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Dev Dyn. 2001 Sep;222(1):17-25.

TGFbeta2 activation status during cardiac morphogenesis.

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Department of Physical Therapy, Exercise and Nutrition Sciences, University at Buffalo, State University of New York, Buffalo, New York 14214, USA.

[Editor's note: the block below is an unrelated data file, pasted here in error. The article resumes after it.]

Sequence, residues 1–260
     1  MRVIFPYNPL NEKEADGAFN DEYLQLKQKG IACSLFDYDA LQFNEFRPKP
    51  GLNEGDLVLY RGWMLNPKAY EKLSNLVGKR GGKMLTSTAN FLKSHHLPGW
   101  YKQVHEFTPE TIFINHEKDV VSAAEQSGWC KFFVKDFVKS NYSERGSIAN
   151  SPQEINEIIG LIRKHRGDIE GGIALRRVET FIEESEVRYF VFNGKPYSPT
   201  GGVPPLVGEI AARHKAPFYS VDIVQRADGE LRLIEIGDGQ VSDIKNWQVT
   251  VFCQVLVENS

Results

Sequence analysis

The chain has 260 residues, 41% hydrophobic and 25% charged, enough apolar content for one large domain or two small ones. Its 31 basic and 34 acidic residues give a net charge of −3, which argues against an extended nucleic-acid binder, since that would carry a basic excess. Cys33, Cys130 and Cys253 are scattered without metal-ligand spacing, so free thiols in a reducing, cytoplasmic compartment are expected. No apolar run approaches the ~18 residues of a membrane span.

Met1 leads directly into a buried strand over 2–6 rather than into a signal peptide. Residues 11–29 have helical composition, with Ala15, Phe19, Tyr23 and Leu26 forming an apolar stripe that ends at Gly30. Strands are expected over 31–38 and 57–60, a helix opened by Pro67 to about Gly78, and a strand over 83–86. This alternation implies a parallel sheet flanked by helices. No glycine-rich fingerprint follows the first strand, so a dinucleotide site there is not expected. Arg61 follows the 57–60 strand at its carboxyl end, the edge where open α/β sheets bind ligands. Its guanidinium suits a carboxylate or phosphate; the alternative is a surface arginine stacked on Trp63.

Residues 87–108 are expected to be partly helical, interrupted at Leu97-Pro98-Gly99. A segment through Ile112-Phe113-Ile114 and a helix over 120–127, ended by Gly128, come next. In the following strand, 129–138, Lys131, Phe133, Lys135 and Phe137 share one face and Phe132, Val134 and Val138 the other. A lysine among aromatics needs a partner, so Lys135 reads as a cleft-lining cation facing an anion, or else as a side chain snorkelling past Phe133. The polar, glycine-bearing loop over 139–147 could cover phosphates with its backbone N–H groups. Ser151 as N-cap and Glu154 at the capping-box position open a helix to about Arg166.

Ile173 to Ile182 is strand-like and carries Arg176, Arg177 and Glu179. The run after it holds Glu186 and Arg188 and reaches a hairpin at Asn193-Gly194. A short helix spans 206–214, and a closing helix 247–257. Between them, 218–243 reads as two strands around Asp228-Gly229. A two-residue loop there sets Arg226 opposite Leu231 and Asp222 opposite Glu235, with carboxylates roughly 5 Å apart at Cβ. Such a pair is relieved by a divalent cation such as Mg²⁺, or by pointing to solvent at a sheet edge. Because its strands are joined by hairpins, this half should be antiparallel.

Transforming growth factor beta (TGFbeta) is secreted as a biologically inactive complex by many cell types in vitro, but little is known of TGFbeta's activation status in vivo. This study examined the in vivo expression of active and total (active + acid-activatable) TGFbeta2 in embryonic chicken hearts during cardiac morphogenesis (Hamburger-Hamilton stage 10-24). The concentration of TGFbeta2 was measured by an enzyme-linked immunoassay that recognized active TGFbeta2. Whole heart homogenates were either left untreated to measure active TGFbeta2 or treated with acid before assay to measure total (active + acid-activatable) TGFbeta2. Total TGFbeta2 concentration increased more than 16-fold between stage 10/11 and stage 24. Active TGFbeta2 concentration was highest at stage 14/15, but overall remained relatively constant varying at most by 2.8-fold. When expressed relative to total TGFbeta2, the amount of active TGFbeta2 progressively declined from 70% in stage 10/11 hearts to 7% in stage 24 hearts. The distribution of active and total TGFbeta2 was examined by immunostaining with an antibody against active TGFbeta2. Before immunostaining, sections were either treated with acid or left untreated to determine the distribution of total and active TGFbeta2, respectively. Active TGFbeta2 immunostaining was first detected in the endothelium, myocardium, and cardiac jelly of stage 14 hearts. Acid treatment had no effect on the distribution or intensity of immunostaining at this stage. Faint, active TGFbeta2 immunostaining was restricted to the ventricular myocardium in stage 18 hearts. Acid treatment resulted in a marked increase in staining intensity in the ventricle, but no staining was observed in the atrium or outflow tract. In stage 24 hearts, faint active TGFbeta2 staining was detected in the ventricle before acid treatment. After acid treatment, patches of intense punctate stain were found in all regions of the embryonic heart. Increases in TGFbeta2 concentration and immunostaining intensity after acidification suggest that a significant amount of TGFbeta2 is in the latent form. Stage-dependent differences in activation status suggest that activation may be a developmentally regulated process in the chick heart and support the notion that activation is an important step in regulating TGFbeta actions in vivo.

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